A huge increase in demand across London for a rare blood type needed to treat sickle cell disease, which disproportionately affects Black people, has prompted an urgent call for more people of Black heritage to donate blood in Lambeth.
Last year, hospitals across London requested 58% more R0 type blood than they did five years ago. They asked for 36,930 units of R0 in 2016/17 and for 58,359 units in 2021/22. Demand is expected to continue to grow rapidly.
Brixton is one of the top ten areas in London for R0 donors, with 93 giving blood at a recent local session.
However, still more are needed to help meet demand across the capital.
Demand for R0 type blood is the fastest growing across the whole country because it is urgently needed to treat sickle cell disease, the fastest growing genetic disease in the UK.
Only 2% of NHS donors in England have R0 type blood, which is 10 times more common in Black than in white people.
Sickle cell is a genetic disorder that causes red blood cells to form into sickle or crescent shapes and become stuck in blood vessels, causing agonising crisis episodes, and serious or even fatal long-term complications, including organ damage and strokes.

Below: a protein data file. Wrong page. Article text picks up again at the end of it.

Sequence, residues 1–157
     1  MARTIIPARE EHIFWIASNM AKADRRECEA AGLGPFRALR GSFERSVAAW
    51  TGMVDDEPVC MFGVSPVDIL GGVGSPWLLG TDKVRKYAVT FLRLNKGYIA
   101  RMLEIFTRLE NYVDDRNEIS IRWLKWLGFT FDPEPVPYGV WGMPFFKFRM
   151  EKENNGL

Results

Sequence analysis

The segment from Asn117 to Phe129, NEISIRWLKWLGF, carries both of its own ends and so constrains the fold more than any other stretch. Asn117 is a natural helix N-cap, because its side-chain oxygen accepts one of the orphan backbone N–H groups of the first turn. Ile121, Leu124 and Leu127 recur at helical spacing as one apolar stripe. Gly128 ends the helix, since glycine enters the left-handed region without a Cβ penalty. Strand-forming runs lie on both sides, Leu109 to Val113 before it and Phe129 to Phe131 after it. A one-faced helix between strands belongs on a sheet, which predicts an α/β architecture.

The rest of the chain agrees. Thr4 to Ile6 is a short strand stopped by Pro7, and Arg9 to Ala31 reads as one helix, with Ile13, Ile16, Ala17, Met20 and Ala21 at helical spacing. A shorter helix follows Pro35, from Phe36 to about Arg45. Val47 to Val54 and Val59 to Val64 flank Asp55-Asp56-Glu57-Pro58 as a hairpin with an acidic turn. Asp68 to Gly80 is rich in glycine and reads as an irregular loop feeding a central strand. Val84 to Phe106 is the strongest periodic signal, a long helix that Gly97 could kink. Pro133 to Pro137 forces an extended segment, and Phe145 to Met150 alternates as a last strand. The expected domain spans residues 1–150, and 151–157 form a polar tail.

Many people with sickle cell rely on regular blood transfusions to stay alive.
This blood needs to be well matched and people of the same ethnicity are more likely to be a match, the NHS says.
Dr Naim Akhtar, an NHS blood and transplant consultant haematologist and lead in donor medicine, said: “Getting enough R0 blood is our biggest priority and London is the area with the most need.
“There is a rise in Black people donating blood, but we urgently need more Black people in Lambeth to become regular donors.”
NHS Blood and Transplant (NHSBT) is a special health authority providing the blood donation service for England and the organ donation service for the UK.
Its mobile teams regularly collect blood around the country at community venues like church halls. Its permanent donor centres in London are in Tooting, Edgware, the West End, Shepherd’s Bush and Stratford.
While the overall demand for blood is falling by 3 to 4% a year due to improvements in clinical practice and work to ensure blood is used appropriately, NHSBT still needs up to 200,000 new blood donors each year to replace those who stop donating and to ensure it have the right mix of blood groups to match future patient needs.
Free, curriculum-linked, online resources are available for secondary school teachers in England to help educate key stage 3 and 4 students (11-16-year-olds) about blood, organ and stem cell donation.